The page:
Delhi Government Starts Toilet to Tap

Delhi Government Starts Toilet to Tap

Toilet to Tap to help save the Yamuna River in Delhi that is the source of 70 per cent of the Cities' Drinking Water

Work has started to build sewage treatment plants in colonies and reuse the water locally for various purposes, including drinking.

This is to address spiralling water demand, reduce clean-up budgets, and revive the Yamuna.

Three months after chief minister Arvind Kejriwal sought to break the taboo around the use of treated sewage, and drank a glass of cleaned-up waste water at a pilot centre, a process to replicate the technology has started.

Floating tenders

Delhi Jal Board (DJB) CEO SS Yadav told Mail Today: “Initially we want to start six such plants. We have floated tenders, and responses are coming. We should soon start work on at least one plant at Sai Nagar in north-east Delhi.”

One plant will cost roughly Rs 8-10 crore. Getting companies to come forward and build ‘toilet to tap’ projects was not easy because of a certain mental block, says Yadav. The first two rounds of tenders elicited zero response.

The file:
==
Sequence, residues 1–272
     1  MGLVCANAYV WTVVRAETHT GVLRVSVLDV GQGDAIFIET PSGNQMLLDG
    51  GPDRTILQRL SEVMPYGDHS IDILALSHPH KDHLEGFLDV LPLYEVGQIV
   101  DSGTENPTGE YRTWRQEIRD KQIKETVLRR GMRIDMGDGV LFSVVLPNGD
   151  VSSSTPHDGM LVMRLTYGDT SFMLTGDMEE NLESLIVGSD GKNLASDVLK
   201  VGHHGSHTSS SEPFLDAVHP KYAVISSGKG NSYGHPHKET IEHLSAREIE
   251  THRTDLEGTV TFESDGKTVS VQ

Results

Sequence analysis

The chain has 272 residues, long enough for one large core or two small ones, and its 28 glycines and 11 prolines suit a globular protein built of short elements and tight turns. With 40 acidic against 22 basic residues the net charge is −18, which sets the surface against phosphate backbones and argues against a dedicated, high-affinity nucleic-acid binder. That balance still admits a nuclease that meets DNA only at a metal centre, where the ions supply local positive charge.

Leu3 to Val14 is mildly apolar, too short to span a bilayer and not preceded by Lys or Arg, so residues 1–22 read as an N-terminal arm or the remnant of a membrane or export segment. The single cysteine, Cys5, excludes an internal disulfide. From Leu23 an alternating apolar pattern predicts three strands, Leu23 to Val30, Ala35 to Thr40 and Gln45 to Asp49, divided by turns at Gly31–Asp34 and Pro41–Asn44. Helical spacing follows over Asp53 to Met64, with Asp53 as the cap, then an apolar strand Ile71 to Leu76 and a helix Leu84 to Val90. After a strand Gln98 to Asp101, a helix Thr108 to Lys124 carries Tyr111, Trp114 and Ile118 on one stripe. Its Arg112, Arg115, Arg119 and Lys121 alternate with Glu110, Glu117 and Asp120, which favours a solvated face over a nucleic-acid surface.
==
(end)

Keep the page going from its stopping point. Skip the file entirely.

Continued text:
“The pilot showed the technology was doable and the treated water was fit for drinking,” he said.

Water activist Manoj Misra, who visited the pilot plant at Keshopur in north Delhi on Sunday, was surprised to see absolutely raw sewage being turned into crystal clear water.

After screening, raw sewage is pumped into a five-layered bio-filter comprising earthworms, cotton extracts, bacteria, sand and stones. The water at this stage is fit for horticulture purposes. The treated water is then pumped into a membrane system, measuring 0.001 micron, where it is chlorinated. This makes 85 per cent of the entire water good enough to drink. Even the reject 15 per cent water is fit for horticultural use.

“Even if for some reason the said water is not immediately utilised for drinking purposes it could perfectly go in for all other uses. If released into the river, it would be far better than raw sewage,” he said, terming the technology a ‘ram baan’ (perfect solution) to return water to the river and reduce extraction.

Kejriwal says conventional methods would not get Delhi the amount of water it needs, calling for more such plants across Delhi.

Built at a cost of Rs 55 lakh, the Keshopur pilot generates 4,000 litres of water per day.

Source: Daily Mail